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Playing by the Rules: Complying with the IRS

By Daniel Im

Playing by the Rules: Complying with the IRS—with Dan Busby

I grew up playing various sports, both organized and disorganized (aka pick-up games). While I know there are differences between pick-up games and official organized ones, I wanted to share with you a big difference that I see.

Now before I share one of the biggest differences that I see, let me give you three memories that illustrate this difference. First, I don’t ever remember fouling out of a pick-up game. However, I remember plenty of organized ones where I fouled out. Second, I don’t remember many holding or pass interference calls being made in the pick-up football games I participated in; however, I remember countless times where the refs called holding and pass interference. And third, I don’t remember any yellow cards waved towards a foul I committed in a pick-up soccer game, but I do remember a few that I received in organized ones.

From these examples (and more), it seems that in disorganized (pick-up) games people can get away with breaking the rules, whereas in organized official games there’s a concerted effort for people to play by the rules. Thus, I’ve found that compliance is one of the biggest differences between organized and disorganized sports. In one, compliance—playing by the rules—matters; whereas, compliance in the other doesn’t.

Having been in ministry for quite a while and having talked with many pastors, staff, and churches, I get the feeling sometimes that churches and pastors treat church finances and pastor compensation packages—particularly with regards to complying with the IRS—more as a pick-up game rather than an organized one. In reality, churches (and pastors) fail to comply because they don’t know the rules, have failed to understand the rules, or don’t think the rules fully apply to them. Not that I am expert in church finances or pastor compensation packages, but I have sought wise and expert counsel from people who do understand the rules and laws so that I and the church play by the rules.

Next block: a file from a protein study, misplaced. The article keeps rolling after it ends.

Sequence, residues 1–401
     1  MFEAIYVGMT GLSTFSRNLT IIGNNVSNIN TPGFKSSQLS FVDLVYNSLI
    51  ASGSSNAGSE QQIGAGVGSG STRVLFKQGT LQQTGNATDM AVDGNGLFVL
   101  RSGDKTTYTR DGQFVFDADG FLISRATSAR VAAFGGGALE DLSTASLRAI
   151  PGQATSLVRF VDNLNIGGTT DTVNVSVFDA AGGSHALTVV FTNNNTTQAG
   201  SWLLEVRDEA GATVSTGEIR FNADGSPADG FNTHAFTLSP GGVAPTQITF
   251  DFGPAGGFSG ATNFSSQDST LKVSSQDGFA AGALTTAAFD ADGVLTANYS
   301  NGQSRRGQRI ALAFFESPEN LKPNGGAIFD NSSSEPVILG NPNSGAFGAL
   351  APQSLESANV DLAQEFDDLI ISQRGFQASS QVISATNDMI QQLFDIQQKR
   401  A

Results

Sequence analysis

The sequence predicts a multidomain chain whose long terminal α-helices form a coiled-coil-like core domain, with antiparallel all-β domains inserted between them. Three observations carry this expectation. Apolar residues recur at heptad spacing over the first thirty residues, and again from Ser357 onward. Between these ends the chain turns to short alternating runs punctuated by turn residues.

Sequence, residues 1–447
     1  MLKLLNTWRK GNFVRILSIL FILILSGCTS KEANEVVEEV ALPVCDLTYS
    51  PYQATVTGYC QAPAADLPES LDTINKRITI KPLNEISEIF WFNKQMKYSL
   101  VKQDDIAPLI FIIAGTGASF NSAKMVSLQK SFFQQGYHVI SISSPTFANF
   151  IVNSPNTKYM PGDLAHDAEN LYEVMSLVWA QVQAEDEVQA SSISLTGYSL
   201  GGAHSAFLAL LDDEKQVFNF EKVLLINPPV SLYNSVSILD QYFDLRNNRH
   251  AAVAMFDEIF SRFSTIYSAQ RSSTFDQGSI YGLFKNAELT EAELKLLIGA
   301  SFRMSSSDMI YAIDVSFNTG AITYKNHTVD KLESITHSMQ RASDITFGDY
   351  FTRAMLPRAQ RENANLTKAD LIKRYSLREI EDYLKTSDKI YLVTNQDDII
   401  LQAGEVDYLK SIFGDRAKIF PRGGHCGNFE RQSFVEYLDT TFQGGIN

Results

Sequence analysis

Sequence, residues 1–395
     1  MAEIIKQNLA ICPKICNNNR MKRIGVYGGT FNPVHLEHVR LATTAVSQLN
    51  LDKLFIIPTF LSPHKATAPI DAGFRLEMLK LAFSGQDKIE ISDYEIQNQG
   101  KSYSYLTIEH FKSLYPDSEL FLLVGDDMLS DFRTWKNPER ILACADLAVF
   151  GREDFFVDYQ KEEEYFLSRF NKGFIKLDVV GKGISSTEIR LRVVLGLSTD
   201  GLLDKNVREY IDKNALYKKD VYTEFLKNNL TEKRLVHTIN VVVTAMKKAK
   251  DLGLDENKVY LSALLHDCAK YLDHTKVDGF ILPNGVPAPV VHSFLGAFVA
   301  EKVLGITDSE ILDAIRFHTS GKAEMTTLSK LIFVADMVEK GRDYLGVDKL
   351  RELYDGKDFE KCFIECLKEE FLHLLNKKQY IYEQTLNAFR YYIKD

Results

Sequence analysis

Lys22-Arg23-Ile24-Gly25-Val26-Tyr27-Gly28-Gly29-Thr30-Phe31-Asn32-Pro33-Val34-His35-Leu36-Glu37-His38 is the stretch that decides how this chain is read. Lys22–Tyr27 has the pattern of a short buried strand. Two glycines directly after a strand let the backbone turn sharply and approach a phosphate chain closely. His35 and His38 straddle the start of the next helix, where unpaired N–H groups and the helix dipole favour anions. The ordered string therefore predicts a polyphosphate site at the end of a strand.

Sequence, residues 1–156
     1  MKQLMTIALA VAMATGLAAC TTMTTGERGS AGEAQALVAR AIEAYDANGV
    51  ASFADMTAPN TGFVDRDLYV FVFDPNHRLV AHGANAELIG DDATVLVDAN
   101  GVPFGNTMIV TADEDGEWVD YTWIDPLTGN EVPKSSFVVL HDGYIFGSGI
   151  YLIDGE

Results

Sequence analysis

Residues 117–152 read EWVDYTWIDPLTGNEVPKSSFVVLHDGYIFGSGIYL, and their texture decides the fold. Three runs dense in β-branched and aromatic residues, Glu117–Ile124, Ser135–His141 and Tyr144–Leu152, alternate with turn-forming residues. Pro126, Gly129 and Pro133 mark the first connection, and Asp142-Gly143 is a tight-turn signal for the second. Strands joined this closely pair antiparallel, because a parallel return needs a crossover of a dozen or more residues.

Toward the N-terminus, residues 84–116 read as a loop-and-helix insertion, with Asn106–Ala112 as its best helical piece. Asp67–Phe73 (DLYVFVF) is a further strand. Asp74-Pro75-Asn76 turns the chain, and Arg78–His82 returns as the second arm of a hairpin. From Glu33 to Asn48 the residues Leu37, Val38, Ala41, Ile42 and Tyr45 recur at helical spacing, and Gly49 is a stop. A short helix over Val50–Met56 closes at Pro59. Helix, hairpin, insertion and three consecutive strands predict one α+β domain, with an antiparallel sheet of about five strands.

In the latest Ministry Grid training video, Dan Busby, President of ECFA (Evangelical Council for Financial Accountability), takes a few moments to provide an overview of how churches can comply with the IRS with regards to housing allowance and social security for clergy. Given the nature of his talk, let me provide you with a bullet list of what he covered.

Clergy and Social Security

  1. There are two-types of social security
    1. Federal Insurance Contribution Act (FICA)
    2. Self-Employment Contribution Act (SECA)
  2. Qualified clergy are liable for the SECA type of social security; non-clergy are liable for the FICA
  3. FICA is deducted by the church and paid by the church
    1. The church and employee split the social security
  4. SECA can be paid by the minister in a couple of ways
    1. A minister can complete a 1040 form and schedule quarterly tax payments
    2. A minister can ask the church to withhold enough throughout the year to cover their SECA obligation (the amount withheld is reflective on the W-2 form, box 2)
  5. Churches often provide a social security allowance—paying for either part of or all the ministers’ SECA
    1. Keep in mind: the social security allowance is fully taxable for income tax
  6. Clergy can opt out of social security, but rarely qualify
    1. Keep in mind: objecting to paying into social security is not a viable or legal reason for ministers to opt out

To read the reminder of Complying with the IRS and to listen to the entire Ministry Grid training video with Dan Busby, click here for the full video and post.

This video is part of Plus Membership, so to get full access to it, and much more, I encourage you to become a Plus Member. Click here to see all the benefits of becoming a Plus Member

Tweetables:

  • It’s extremely important for churches and pastors to comply with the IRS in all matters!
  • Failing to comply w/the IRS may result in legal issues, short changing a pastor’s compensation, or dishonoring Jesus.
  • These additional housing essentials may be taxed free based upon a church’s designated housing allowance…
  • Ministers (clergy) should not be treated as FICA employees
  • Churches often provide a social security allowance—paying for either part of or all the ministers’ SECA

ABOUT THE AUTHOR

Daniel Im

Daniel Im (@danielsangi) is the Founder of NewChurches.com and the Director of Church Multiplication for LifeWay Christian Resources. He is a Teaching Pastor at The Fellowship, a multisite church in Nashville. He is the author of No Silver Bullets: Five Small Shifts that will Transform Your Ministry, and co-author of Planting Missional Churches: Your Guide to Starting Churches that Multiply (2nd ed) with Ed Stetzer. He also co-hosts the New Churches Q&A Podcast, the 5 Leadership Questions Podcast, and a brand new podcast with his wife on marriage and parenting called the IMbetween Podcast. He has an M.A. in Global Leadership and has served and pastored in church plants and multisite churches ranging from 100 people to 50,000 people in Vancouver, Ottawa, Montreal, Korea, Edmonton, and Nashville. Visit Danielim.com to learn more.

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